As I got deeper into writing the story, it required me to really put in some solid research into how Electroencephalogram (EEG) technology works. I also began to consider how the device should be designed and worn on the head.

Fortunately, having been a Design Engineer and robotics programmer for many years, I fired up some 3D CAD software and slowly designed the Mindset, incorporating the letter M into its radical shape. The material I chose was supposed to be a virtually unbreakable titanium composite that contains light-emitting diodes that emanate a blue light, almost like a halo effect, when in use. The solid CAD model I created was then later used inside the initial marketing video trailer.

I love it when something you didn’t even plan comes together. 

About six months ago a good friend of mine, Chuck McGinnis a former US Marine, asked me to join him and several other men in the Tough Mudder cross-fit event in Amherst, MI on April 14th, 2012. When I first checked out the website, I thought to myself, “Cool, but I’m not much of a runner.” However, after realizing this was a 12-mile obstacle course, it drew me in like 10-year boy wanting to play in the mud. With still being an avid hockey player and a former bodybuilder, even at 47 I thought it would be great fun. However, after a deeper dive of the videos the course did have several claustrophobic tunnel and water obstacles that I thought might be an issue. 🙂

Tough Mudder

Team H20 – Tough Mudder

Now the interesting part of this story is that Chuck and the other men were a part of a Christian organization called H20 Adventure Ministries ran by Mike Tison, and NO not the Boxer. So being a follower of Christ really solidified my decision to do it for a better reason other than just self- gratitude. Even though the event was for a good cause “Wounded Warrior Project”, our goal was to be a light and approach the event as a Christian team with shirts that read Phil 4:13 “I Can Do All Things Through Christ Who Strengthens Me.”

So right now, you might be thinking this sounds really warm and cuddly doesn’t it, a bunch of Goody-Two-Shoes Christians trying to be the light. Well anyone that knows me knows I’m not the Goody Two Shoes type and with God nothing ever goes as planned.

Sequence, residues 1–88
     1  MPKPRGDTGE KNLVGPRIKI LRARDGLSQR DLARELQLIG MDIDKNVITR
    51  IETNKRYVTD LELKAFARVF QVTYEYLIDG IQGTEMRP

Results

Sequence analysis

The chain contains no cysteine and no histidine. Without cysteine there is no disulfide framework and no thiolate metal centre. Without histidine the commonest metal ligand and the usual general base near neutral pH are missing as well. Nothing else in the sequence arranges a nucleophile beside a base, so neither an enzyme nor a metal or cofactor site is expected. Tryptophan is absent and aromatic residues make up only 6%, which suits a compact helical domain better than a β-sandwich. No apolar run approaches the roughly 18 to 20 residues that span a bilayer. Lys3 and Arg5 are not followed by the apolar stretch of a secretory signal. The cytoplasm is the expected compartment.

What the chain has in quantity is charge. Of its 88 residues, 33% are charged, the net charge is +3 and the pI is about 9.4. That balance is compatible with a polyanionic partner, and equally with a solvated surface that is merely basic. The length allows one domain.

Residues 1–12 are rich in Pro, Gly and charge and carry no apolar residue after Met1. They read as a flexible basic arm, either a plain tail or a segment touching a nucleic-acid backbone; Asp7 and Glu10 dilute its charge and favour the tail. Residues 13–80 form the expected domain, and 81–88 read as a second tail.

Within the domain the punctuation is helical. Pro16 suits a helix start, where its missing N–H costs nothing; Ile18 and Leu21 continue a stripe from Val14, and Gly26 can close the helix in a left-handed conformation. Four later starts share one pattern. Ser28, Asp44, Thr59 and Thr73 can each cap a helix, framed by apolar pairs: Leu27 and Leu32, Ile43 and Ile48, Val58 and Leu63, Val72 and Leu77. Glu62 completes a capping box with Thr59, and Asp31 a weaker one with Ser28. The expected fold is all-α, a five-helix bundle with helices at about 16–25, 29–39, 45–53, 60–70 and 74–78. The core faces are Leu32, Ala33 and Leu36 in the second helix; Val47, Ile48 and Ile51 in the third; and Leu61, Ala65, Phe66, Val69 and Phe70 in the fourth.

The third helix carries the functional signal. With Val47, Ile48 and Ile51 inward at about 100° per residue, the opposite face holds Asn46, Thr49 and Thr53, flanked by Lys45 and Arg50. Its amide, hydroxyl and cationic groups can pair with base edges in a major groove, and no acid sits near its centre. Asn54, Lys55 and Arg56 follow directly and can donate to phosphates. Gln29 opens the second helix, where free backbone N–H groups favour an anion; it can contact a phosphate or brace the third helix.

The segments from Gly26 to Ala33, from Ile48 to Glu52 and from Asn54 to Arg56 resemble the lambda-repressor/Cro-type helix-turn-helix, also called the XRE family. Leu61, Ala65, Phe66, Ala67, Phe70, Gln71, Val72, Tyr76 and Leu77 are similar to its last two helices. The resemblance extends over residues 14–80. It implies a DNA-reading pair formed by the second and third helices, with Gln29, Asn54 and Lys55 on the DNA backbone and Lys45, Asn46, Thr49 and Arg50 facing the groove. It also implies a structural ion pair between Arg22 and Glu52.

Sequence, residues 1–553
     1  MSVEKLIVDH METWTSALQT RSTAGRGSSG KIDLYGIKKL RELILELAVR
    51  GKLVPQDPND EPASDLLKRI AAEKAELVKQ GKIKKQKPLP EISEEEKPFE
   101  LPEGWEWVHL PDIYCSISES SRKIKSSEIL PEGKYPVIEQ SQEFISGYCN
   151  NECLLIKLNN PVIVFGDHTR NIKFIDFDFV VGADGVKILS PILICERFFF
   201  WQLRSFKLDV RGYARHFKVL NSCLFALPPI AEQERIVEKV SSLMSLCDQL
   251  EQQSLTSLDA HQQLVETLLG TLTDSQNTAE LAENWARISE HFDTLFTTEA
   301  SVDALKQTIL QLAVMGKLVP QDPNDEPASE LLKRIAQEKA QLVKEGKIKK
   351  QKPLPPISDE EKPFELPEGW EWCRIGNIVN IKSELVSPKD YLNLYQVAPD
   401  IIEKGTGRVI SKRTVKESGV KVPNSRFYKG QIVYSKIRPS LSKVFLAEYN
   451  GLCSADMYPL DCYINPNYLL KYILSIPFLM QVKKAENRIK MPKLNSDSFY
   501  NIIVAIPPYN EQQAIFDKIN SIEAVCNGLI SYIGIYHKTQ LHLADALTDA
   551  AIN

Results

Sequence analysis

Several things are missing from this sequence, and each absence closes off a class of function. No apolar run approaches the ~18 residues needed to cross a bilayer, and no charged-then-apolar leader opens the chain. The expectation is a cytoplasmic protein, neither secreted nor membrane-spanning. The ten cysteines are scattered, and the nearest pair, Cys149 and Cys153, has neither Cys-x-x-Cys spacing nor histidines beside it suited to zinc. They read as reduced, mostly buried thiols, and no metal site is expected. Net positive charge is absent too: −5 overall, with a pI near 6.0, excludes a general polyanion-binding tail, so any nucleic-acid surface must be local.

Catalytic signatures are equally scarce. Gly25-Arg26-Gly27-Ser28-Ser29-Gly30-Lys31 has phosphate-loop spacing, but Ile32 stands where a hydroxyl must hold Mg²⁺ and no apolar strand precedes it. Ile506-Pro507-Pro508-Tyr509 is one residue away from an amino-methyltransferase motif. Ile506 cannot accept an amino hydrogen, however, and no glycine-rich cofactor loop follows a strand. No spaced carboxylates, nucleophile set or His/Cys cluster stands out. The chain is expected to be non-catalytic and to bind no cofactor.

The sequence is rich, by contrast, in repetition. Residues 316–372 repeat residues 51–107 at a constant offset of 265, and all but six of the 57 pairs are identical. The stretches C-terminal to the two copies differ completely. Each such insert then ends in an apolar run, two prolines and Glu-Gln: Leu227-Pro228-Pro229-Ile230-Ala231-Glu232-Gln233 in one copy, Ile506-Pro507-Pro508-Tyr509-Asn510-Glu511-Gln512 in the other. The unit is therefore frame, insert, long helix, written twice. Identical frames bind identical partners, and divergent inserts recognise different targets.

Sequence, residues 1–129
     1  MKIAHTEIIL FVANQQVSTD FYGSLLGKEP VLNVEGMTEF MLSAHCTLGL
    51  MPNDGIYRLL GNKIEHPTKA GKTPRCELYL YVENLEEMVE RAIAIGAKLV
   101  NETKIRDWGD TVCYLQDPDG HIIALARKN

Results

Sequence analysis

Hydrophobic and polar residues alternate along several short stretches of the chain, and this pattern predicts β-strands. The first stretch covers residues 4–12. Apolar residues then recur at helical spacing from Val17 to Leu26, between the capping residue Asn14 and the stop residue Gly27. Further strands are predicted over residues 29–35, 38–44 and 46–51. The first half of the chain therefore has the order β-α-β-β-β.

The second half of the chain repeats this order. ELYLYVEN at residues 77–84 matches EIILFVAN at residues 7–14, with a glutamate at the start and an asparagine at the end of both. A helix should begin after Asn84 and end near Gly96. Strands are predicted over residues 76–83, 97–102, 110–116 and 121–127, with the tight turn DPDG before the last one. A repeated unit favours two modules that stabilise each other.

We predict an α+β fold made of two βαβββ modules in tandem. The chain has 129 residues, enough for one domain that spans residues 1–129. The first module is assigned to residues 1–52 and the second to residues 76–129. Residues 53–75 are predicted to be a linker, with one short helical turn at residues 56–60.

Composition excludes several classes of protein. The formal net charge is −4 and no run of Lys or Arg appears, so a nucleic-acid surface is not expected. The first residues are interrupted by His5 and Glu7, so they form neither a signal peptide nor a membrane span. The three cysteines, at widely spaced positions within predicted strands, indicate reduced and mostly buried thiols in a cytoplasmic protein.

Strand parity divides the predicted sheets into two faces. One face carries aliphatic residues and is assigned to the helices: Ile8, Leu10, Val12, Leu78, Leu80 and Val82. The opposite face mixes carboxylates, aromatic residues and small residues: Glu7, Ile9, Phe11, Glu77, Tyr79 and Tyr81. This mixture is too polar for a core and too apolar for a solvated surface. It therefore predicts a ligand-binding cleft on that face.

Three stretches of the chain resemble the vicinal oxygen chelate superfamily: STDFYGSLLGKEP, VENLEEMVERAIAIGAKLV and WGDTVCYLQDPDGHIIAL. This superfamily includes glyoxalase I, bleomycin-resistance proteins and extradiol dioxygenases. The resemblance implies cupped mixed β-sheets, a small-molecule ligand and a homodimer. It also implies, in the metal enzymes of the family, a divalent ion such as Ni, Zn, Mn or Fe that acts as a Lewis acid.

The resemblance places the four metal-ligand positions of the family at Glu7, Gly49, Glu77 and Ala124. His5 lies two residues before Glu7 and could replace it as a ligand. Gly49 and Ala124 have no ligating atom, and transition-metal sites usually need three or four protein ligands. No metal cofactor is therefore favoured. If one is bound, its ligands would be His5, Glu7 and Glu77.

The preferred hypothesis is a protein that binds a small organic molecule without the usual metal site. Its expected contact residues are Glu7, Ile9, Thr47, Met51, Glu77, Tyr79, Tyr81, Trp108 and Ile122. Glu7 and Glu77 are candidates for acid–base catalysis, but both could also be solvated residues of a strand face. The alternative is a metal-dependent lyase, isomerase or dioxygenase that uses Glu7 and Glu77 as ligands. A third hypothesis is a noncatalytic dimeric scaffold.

Actually what happened was definitely not in my plans, so please keep reading!

Tough Mudder: Saturday April 14th, 2012 10:00AM start. – Weather: Brutal 50F

If your not familiar with Tough Mudder, it is a 12-Mile Obstacle course designed by British Special Forces, so at the starting line they were flying both British and American Flags.  This quickly caught my attention, and in less than a second I thought about being born in England, moving to Canada at 10, then the USA at 30, and finally standing there at that spot at 47. It was like God was showing me how far he had already brought me. That thought combined with the energy of the other Mudders was so incredible that I was pumped to go.

The first 6 miles were fairly grueling, cold but tolerable. We had jumped off a 25-30ft platform into a freezing cold dirty gravel pit, waded through swamps, climbed walls, ran through fire, got shocked by 10,000 volts while in water, among many other things. I still felt strong and confident because I knew the upper body obstacles were coming up and I believed that was my strength. I remember coming up to the monkey bars at the 6-mile half point and thinking, “finally I going to be able to use my upper body strength.” After watching pretty much everyone go a couple rungs and slip into the water, I saw a young guy grab a hold of the wood frame on the outside where it was not slippery. In a split second I decided that would be the plan. So grabbed the wood and starting moving forward thinking to myself, “this is easy.” Then at that exact second I felt and heard a cracking noise from what I thought was the wood above. Puzzled I moved forward and then I heard a large snap and realized it wasn’t the wood making the noise it was my left arm. Knowing that something bad had happened I dropped into the water below and waded / swam to other side.

Being the first of my team to go over this obstacle I had time to analyze the damage to my arm while waiting for others to come across. I remember looking at Chuck and the others saying, “I ripped my bicep off the bone.” They wanted me to got directly to First Aid and I even remember looking over at the First Aid vehicle. Then right at that moment I started shivering, going cold and obviously into shock because of the pain combined with being soaking wet.

Stephen Sadler's Bicep Tear

Stephen Sadler’s Bicep Tear

Somehow I was reminded why I was doing the event, Phil 4:13, “I Can Do All Things Through Christ Who Strengthens Me,” and I started to pray. Within seconds the chills seemed to subside and heard God telling me that he would carry me. With being bent over I looked up and told the guy’s “I want to finish.”  I don’t really remember much of the last 6 miles but what I do know is that God did carry me over the remaining upper body obstacles even though I could only use one arm. He also carried two of my other teammates who experienced serious knee and hip problems. We actually crossed the finish line together in the true meaning of Phil 4:13.